These proposed Wild and Scenic Rivers support threatened and endangered populations of salmon and steelhead and rare plants. They also provide outstanding research opportunities of nearly pristine undeveloped watersheds.
South Fork Eel River – 12.3 miles
The South Fork Eel River supports the largest concentration of naturally reproducing anadromous fish in the region. Federal officials recently identified the river as essential for the recovery of threatened salmon and steelhead. The upper portion of this segment is located on the Angelo Preserve managed for wild lands research by the University of California. Angelo Reserve access roads are open to public hiking. The lower portion flows through the existing South Fork Wilderness managed by the BLM. The river offers class IV-V whitewater boating opportunities. The river would be administered through a cooperative management agreement between the BLM and the State of California.
Elder Creek – 7 miles
This nearly pristine stream is a National Natural Landmark, Hydrologic Benchmark, and a UN-recognized Biosphere Reserve. A tributary of the South Fork Eel River, the creek is an important contributor to the South Fork’s anadromous fishery. Federal officials recently identified the creek as essential for the recovery of threatened and endangered salmon and steelhead. The upper creek segment is in the South Fork Wilderness managed by the BLM. The lower segment flows through UC Berkeley’s Angelo Preserve. The creek would be administered through a cooperative management agreement between the BLM and the State of California.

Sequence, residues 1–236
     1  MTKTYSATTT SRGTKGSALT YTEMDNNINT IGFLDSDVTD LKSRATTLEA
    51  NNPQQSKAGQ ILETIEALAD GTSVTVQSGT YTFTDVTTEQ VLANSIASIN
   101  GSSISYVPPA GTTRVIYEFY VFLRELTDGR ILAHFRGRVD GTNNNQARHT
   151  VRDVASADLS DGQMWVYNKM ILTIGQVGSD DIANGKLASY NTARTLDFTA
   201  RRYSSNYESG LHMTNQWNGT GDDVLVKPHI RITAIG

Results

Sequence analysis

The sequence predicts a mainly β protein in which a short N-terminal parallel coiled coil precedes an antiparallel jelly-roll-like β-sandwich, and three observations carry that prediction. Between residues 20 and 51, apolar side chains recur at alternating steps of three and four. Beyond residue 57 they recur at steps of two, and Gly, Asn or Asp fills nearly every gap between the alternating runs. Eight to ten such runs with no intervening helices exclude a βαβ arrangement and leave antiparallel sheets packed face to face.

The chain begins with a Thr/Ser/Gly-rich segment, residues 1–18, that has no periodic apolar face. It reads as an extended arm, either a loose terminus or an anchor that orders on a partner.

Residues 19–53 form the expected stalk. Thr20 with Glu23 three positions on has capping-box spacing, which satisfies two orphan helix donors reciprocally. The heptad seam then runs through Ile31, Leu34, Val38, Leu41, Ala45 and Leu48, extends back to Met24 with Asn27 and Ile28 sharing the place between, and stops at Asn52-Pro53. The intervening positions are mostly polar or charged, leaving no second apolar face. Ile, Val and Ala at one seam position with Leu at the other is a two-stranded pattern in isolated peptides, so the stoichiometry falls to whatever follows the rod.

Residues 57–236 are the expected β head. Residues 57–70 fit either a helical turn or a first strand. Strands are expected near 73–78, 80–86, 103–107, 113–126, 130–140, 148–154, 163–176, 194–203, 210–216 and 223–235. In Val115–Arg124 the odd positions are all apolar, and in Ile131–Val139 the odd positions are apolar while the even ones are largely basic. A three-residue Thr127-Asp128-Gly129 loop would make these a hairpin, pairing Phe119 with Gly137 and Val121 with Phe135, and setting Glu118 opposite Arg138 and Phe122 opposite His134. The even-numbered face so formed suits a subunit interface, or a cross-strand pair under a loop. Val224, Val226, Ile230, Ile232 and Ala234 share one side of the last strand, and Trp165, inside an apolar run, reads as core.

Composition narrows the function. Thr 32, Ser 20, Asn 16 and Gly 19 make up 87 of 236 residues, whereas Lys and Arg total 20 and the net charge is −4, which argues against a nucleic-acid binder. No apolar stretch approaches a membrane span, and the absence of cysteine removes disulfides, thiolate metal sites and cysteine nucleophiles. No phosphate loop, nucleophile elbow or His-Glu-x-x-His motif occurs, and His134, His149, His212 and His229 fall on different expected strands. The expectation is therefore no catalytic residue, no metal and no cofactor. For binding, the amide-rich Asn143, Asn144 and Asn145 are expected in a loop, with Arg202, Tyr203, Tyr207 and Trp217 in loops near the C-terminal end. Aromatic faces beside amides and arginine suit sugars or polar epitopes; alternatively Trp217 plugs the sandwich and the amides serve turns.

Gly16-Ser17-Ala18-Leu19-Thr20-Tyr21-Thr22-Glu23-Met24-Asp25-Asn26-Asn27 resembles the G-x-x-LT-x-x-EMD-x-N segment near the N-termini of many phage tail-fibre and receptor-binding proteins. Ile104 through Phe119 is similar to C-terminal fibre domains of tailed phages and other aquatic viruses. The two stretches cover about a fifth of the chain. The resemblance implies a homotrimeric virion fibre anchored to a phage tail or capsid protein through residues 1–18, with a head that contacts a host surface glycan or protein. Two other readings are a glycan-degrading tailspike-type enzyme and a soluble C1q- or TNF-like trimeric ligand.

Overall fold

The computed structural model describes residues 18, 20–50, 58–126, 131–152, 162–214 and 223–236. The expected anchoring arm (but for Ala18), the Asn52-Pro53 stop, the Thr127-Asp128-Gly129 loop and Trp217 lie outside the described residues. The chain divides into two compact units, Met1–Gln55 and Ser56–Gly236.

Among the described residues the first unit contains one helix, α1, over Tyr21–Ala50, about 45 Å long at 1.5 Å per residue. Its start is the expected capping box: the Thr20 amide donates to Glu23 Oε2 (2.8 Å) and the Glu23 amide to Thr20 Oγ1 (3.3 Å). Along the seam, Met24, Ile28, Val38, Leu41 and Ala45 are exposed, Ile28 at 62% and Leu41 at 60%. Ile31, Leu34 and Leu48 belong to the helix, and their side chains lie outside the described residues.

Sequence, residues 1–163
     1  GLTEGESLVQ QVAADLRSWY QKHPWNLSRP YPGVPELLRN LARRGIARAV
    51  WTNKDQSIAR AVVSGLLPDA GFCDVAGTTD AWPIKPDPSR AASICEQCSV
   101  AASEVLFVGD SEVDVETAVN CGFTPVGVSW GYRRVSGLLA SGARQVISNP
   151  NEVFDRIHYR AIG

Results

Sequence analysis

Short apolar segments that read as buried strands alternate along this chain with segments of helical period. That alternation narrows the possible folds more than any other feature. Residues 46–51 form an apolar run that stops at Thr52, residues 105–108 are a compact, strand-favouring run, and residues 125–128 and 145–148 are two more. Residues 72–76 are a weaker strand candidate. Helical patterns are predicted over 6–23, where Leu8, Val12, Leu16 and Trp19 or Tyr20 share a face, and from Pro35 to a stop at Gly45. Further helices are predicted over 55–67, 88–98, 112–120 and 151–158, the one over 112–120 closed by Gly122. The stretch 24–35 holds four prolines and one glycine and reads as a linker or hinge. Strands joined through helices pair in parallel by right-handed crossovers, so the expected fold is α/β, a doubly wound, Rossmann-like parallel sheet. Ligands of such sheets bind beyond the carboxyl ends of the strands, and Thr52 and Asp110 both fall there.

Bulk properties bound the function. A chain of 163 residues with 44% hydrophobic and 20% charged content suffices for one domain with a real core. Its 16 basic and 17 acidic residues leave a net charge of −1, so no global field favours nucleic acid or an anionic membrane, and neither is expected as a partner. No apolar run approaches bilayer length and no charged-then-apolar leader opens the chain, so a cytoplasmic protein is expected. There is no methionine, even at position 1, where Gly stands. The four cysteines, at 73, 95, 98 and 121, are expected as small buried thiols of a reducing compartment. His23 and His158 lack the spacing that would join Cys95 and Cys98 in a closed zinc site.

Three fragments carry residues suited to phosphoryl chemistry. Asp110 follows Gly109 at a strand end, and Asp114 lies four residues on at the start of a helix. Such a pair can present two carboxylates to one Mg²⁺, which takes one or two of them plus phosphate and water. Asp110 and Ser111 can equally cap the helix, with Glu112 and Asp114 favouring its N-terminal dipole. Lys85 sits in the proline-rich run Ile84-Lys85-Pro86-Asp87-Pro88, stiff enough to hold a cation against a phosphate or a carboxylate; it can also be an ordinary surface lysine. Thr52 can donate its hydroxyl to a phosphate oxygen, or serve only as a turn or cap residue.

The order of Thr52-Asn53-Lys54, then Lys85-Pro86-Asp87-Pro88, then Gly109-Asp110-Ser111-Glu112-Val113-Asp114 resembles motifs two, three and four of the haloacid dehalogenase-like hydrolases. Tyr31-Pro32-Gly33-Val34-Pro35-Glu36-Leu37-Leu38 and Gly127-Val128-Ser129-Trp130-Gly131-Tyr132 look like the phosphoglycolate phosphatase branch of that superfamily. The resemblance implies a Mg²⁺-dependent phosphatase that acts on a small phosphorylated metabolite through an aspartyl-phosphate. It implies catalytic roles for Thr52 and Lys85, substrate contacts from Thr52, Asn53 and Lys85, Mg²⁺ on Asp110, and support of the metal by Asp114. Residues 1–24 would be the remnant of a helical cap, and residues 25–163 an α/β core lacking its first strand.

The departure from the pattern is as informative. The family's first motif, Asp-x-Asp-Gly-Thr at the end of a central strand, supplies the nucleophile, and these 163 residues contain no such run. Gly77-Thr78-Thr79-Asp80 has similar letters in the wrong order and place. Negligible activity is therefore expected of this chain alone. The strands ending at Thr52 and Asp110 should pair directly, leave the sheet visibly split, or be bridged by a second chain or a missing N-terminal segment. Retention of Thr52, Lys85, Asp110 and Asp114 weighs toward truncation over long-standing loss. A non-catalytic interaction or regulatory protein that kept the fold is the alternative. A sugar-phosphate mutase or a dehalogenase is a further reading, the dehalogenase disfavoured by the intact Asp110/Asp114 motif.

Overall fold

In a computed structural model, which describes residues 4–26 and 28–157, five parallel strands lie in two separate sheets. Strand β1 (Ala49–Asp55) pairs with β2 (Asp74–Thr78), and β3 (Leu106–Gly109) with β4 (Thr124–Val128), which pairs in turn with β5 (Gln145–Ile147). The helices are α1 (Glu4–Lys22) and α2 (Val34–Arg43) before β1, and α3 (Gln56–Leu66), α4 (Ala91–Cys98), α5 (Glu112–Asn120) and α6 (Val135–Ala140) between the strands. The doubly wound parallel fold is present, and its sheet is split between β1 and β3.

East Branch South Fork Eel River – 23.1 miles
The BLM found the East Branch South Fork Eel River and its Red Mountain tributaries to be eligible for Wild and Scenic protection because of their important anadromous fish habitat. Because of its water sources in the sponge-like serpentine soils of Red Mountain, extensive forest shading, swift-flowing waters, and deep pools, the East Branch provides suitable conditions for salmon and steelhead even during drought. Federal officials recently identified the river as essential for the recovery of threatened salmon and steelhead. Peregrine falcons nest along the river. The East Branch South Fork is proposed as a “Potential Wild & Scenic River” – to be designated once sufficient lands are acquired by the BLM to make a manageable addition to the system.
Cedar Creek – 9.6 miles
Cedar Creek flows from the serpentine barrens of Red Mountain. The creek was found eligible for Wild and Scenic River protection by the BLM due to its high-quality anadromous fish habitat, old-growth forests, spotted owl nesting sites, and rare plants found on serpentine soils. Cedar Creek acts as a crucial wildlife corridor between the South Fork Eel and its East Branch.